Other People's (De)Commits
NY DT Jarron Jones is back on the market, decommitting from Penn State this week. However, with Michigan's current recruiting situation at defensive tackle, the Wolverines probably aren't a serious contender for his services.
After decommitting from Stanford, CA DT Aziz Shittu publicly hoped that he gets a chance to check out Michigan before the class is full. Tom talked to him about recruiting, and Aziz may try to take in Ann Arbor the weekend of the Notre Dame game.
CA WR Jordan Payton has decommitted from USC, and Michigan is among the schools he will consider:
The 6-foot-2, 195-pounder will likely play most of his recruitment close to the vest before announcing and one of the key reasons why is the fact that he's trying to orchestrate a few other players to join him at his eventual destination.
“I'm going to tell you this, it's going to be interesting the next couple of weeks for in recruiting,” Payton said. “You're going to see a lot of changes. Just think Fab Five.” Knowing how the comment would sound, Payton was quick to clarify “like” the Fab Five and that it didn't mean they were for sure headed to Michigan.
ESPN's "The Opening" is taking place as we speak in Oregon, with a number of Michigan commits:
- Erik Magnuson
- Mario Ojemudia
- Terry Richardson
- James Ross
- Anthony Standifer
- Zach Banner
- Adam Bisnowaty
- Bri'Onte Dunn
- Durron Neal
- Danny O'Brien
- Aziz Shittu
- Jordan Simmons
in attendance (among many others). If you want to see this event with your very own eyeballs, it's airing on ESPNU tomorrow at 9 and 10PM, Friday at 8 and 9PM, Saturday at 6, 7, and 9PM, and Sunday at 6AM, noon, and 1:30PM.
- IN QB James Knapke committed to Bowling Green.
- IN QB Zach Terrell and IL QB Anthony Maddie committed to Western Michigan.
- MA QB AJ Doyle committed to NC State.
- FL QB Bennie Coney doesn't mention Michigan in a recent video interview, and in fact he told Tom he's no longer considering the Wolverines.
- IL DT Jaleel Johnson will pick between Michigan State and Iowa.
- UT DE Troy Hinds will decide soon from a list of six schools that doesn't include Michigan (it does include Utah, BYU, Stanford, Cal, Notre Dame, and Nebraska).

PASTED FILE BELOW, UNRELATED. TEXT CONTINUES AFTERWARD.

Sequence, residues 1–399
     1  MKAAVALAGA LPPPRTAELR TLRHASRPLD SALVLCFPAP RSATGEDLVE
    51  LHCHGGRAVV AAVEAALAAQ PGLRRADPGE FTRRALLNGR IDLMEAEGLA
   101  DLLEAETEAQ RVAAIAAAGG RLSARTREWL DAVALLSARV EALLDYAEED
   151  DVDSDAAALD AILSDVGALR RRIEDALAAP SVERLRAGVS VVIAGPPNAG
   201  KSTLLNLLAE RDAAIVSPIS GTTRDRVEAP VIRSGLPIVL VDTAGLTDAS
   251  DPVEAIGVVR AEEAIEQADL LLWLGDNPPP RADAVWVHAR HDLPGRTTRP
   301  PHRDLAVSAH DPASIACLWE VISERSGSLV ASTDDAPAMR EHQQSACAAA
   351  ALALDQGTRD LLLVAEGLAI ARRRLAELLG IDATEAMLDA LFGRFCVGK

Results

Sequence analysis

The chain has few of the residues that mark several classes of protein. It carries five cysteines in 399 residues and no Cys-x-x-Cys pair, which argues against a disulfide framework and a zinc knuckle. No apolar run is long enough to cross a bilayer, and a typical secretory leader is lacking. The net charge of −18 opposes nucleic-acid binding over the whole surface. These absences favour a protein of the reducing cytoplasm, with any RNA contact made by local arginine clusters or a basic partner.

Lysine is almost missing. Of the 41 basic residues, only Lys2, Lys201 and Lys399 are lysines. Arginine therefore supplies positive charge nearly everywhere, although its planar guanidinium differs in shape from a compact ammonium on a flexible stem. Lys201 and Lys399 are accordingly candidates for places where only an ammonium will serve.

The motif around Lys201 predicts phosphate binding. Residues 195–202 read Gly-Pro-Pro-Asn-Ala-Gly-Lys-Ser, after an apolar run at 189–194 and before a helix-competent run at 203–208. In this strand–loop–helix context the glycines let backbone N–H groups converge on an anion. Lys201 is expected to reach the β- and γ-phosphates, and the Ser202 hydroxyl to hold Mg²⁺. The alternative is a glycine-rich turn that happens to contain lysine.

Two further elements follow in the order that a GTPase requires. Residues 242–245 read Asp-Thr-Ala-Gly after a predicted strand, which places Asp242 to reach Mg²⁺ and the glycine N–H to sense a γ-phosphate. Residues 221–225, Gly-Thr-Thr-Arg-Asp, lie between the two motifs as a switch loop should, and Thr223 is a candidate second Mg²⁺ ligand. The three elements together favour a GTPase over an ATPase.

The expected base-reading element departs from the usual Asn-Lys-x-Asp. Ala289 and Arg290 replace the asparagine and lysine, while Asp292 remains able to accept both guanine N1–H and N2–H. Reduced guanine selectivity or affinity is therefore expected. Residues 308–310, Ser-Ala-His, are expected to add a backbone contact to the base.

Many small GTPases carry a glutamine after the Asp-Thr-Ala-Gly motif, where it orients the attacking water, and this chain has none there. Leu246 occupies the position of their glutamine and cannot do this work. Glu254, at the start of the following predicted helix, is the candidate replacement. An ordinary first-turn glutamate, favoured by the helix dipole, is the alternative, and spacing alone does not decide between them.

- Michigan is outside the final five for OH DE Ifeadi Odenigbo. Ohio State and a cast of good academic schools (Northwestern, Notre Dame, Cal, and Stanford) make his list.
- TX CB Will Hines committed to Missouri.
With Michigan's class filling up, it's not a surprise that prospects are picking other schools with greater frequency.
ESPN's Jeremy Crabtree does not think Michigan is the leader for OH QB Maty Mauk. With conventional wisdom saying that IN QB Gunner Kiel is leaning elsewhere as well, top-flight quarterback options are dwindling for the 2012 crop.
Tom talks to MI RB Juwan Lewis (and his father) about recruiting, but it doesn't sound like a Michigan offer is coming soon.
The Cincinnati Enquirer has 50 local high school football players to keep an eye on this fall, and a few players of Michigan interest appear. Commits:
- #2 Joe Bolden
- #5 AJ Williams
- #7 Caleb Stacey
Targets DE Adolphus Washington (who has Michigan in his top 5 - and Ohio State out of it), Dwayne Stanford, and many juniors also appear.
MI QB Commit Shane Morris highlights from the Madden 7-on-7 championships:
Très impressionnant, and it's a scientifically proven fact that lefties just look much better throwing the ball.
Local fluff on MI OL Steven Elmer and his relationship with former Detroit Lion Lomas Brown.
“My timeline is whenever I’m absolutely sure that’s where I’m going to go,” he said. “I would prefer not to wait until the last possible second. But I’m not rushed. I still have a lot of time. I want to make the most informed decision and involve my family. ... It’s going to be tough to make a decision to pull some of these schools out of the running,” he admitted.
With more than 18 months until Signing Day, it doesn't sound like he's expecting a decision any time soon. He's done attending summer camps for the summer.
Tom talked with IL OL Kyle Bosch, who would like to hear from Michigan.
"Michigan still leads" for OH S/RB Dymonte Thomas ($, info in header).
ESPN fluff on TX WR Jake Oliver, who has already received a Michigan offer.
"I've coached coaches' sons before and they just have a real feel for the game," Jesuit coach Brandon Hickman said. "He just has a knack for the ball and he runs great routes, precision routes. His hands are probably the best I've ever seen as a coach." Combine all that with Jake's size at 6-foot-4, 194 pounds, and college scouts had plenty of reasons to visit Jesuit during the offseason. It's clear they liked what they saw, as he already has received 10 Division-I offers from schools like Texas A&M, Michigan, Texas Tech, Arizona and Arkansas.
Once the 2012 class is wrapped up (which could happen absurdly soon), we'll have a better idea what the needs for 2013 are.